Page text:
The California privacy act (CCPA) sets up a legal framework, whereby California residents can claim ownership of their data. It also requires companies who do business in California to provide users with easy ways of exercising their newly created data rights.
However, there are certain definitions in the law that both individuals and companies must fall under in order for the California privacy law to apply.
Let’s have a look at them now.
New consumer rights under the California privacy law
Among the rights that the California privacy law empowers state residents with are the right to opt-out of having one’s personal information sold to third parties, the right to disclosure of what personal information has been collected in the past 12 months, and the right to deletion of that data.
Failure to comply can result is fines of $7,500 per violation and $750 per affected user in civil damages for businesses.
Who is protected by the California privacy act?
To be protected by the California data law, a consumer must be a natural person who is either in the state for other than a temporary purpose or who is domiciled in the state, but temporarily outside of the state (e.g. on vacation or business trip).
Individuals who are simply passing through, on a brief rest or vacation, in the state to complete a particular transaction or perform a particular contract are deemed to be in the state for temporary or transitory purposes and will not fall under the California privacy law as a consumer, and hence not protected by the CCPA.
It is not enough to simply be located in the state when having one’s data collected by a business (e.g. tourists vacationing in the state).
Read our compliance guide for California data privacy.
California privacy law’s definition of personal information
The new California data law (CCPA) defines personal information as “information that identifies, relates to, describes, is reasonably capable of being associated with, or could reasonably be linked, directly or indirectly, with a particular consumer or household.”
Personal information can include:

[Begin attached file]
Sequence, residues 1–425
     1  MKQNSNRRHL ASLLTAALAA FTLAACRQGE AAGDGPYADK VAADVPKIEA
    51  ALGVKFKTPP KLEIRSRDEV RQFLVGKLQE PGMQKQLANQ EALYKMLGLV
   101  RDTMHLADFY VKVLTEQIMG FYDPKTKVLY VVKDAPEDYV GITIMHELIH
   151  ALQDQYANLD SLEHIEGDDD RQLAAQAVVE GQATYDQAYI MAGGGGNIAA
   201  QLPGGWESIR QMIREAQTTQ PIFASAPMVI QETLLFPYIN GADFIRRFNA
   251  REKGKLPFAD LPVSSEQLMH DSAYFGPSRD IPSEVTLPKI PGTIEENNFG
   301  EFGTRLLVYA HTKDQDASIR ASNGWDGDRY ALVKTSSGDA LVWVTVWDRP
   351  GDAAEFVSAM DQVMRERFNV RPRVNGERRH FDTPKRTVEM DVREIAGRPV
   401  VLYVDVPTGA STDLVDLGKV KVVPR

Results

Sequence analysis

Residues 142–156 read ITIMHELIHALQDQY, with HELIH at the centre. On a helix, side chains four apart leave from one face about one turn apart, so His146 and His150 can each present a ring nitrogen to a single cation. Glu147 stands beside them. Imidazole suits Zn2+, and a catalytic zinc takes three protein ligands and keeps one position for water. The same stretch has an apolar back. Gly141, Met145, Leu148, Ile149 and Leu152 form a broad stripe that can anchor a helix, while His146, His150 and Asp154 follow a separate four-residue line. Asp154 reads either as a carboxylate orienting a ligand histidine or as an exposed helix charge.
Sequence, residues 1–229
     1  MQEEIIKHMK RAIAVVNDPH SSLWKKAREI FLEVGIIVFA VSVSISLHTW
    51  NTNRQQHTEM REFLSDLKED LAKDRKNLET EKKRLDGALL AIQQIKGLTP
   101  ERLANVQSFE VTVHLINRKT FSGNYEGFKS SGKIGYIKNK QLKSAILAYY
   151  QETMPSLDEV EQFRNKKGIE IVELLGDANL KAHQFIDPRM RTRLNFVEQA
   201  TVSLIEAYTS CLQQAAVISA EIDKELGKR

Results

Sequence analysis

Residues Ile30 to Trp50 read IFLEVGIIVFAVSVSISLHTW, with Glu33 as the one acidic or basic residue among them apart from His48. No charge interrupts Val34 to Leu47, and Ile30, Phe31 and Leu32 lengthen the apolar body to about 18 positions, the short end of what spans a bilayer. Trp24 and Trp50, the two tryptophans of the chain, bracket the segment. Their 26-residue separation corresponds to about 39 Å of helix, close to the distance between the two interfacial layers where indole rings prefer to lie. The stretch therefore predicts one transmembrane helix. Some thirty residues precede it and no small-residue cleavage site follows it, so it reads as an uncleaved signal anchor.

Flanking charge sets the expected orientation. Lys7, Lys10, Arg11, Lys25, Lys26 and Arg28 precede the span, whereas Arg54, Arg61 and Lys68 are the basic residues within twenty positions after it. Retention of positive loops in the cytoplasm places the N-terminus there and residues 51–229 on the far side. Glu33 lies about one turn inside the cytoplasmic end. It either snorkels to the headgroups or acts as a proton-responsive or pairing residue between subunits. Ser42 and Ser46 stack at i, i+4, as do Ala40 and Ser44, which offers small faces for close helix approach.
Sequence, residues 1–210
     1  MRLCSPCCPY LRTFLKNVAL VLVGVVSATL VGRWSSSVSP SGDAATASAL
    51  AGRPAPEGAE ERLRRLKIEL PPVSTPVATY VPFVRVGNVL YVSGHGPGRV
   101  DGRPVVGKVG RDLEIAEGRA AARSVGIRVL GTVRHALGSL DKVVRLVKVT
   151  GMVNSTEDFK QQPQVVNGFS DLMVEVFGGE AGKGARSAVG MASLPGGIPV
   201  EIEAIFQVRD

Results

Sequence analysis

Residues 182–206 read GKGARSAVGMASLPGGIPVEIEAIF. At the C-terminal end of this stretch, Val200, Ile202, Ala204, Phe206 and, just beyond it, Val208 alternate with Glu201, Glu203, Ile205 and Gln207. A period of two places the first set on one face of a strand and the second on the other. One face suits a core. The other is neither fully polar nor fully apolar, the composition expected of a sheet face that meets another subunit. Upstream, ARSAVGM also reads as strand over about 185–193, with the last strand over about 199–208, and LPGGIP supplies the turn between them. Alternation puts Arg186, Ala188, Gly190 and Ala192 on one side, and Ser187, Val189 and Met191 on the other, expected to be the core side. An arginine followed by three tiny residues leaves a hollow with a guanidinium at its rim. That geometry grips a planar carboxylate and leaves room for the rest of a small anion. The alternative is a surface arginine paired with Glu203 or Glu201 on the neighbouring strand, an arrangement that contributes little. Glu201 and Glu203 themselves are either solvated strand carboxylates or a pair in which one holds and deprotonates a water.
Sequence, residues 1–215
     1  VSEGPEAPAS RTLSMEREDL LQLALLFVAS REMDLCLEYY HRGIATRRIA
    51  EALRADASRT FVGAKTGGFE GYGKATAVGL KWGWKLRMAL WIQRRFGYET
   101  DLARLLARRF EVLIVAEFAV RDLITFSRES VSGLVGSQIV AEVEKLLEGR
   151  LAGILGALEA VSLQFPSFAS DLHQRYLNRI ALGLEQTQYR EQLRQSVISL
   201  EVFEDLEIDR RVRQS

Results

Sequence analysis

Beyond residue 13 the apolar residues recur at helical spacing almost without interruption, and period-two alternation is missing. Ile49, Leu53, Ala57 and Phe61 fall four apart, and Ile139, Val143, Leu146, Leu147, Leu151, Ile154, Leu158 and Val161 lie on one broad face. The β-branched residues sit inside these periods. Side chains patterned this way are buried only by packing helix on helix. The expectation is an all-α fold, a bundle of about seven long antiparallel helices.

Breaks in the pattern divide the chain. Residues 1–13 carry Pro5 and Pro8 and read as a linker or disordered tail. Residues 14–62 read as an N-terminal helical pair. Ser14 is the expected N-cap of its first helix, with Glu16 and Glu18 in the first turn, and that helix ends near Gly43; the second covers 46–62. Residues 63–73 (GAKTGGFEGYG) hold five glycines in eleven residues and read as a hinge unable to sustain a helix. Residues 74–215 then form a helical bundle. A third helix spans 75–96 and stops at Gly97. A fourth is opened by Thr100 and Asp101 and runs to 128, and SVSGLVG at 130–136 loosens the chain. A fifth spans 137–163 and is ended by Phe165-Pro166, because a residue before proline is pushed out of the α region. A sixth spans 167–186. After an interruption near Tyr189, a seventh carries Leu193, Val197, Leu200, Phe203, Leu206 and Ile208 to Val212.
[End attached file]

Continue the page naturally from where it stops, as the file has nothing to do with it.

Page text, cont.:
- Identifiers such as real name, alias, postal address, social security numbers, driver’s license and passport information.
- Identifiers such as cookies, beacons, pixel tags, telephone numbers, IP addresses, account names…
- Biometric data such as face, retina, fingerprints, DNA, voice recordings, health data…
- Geolocation data such as location history via devices,
- Internet activity such as browsing history,
- Sensitive information such as personal characteristics, behavior, religious or political convictions, sexual preferences and so on.
What does the CCPA say about cookies in detail?
Even data that is not by definition personal information might fall under the category, if it can be inferred to create profiles that reflect a consumer’s “preferences, characteristics, psychological trends, preferences, predispositions, behavior, attitudes, intelligence, abilities and aptitudes.”
The new California privacy law effectively creates a whole new way of viewing data in the US.
Business compliance with the California privacy law
Enforcement of the CCPA began in August 2020, with the approval of the final CCPA regulations.
If you haven’t already made your website compliant, now is the time to take action.
Learn more about the final CCPA regulations
To be regarded as a business under the CCPA rules, a company has to meet one of the three following attributes:
- have an annual gross revenue exceeding $25 million,
- derive 50% or more of its annual revenues from selling consumers’ personal information,
- buy, receive, sell, or share the personal information of 50,000 or more California residents, households or devices a year.
If your company seeks compliance with the California privacy law, this checklist will run you through the basic requirements necessary.
Take a look at the official California privacy law (CCPA) text here.
Here is a non-exhaustive CCPA compliance checklist to inform you of some of the key requirements.
- Businesses must feature a Do Not Sell My Personal Information link on their website that users can use to opt-out of third-party data sales.
- Businesses must provide a notice at or before the point of collection informing the consumer of the categories of personal information that the company collects and for what purpose.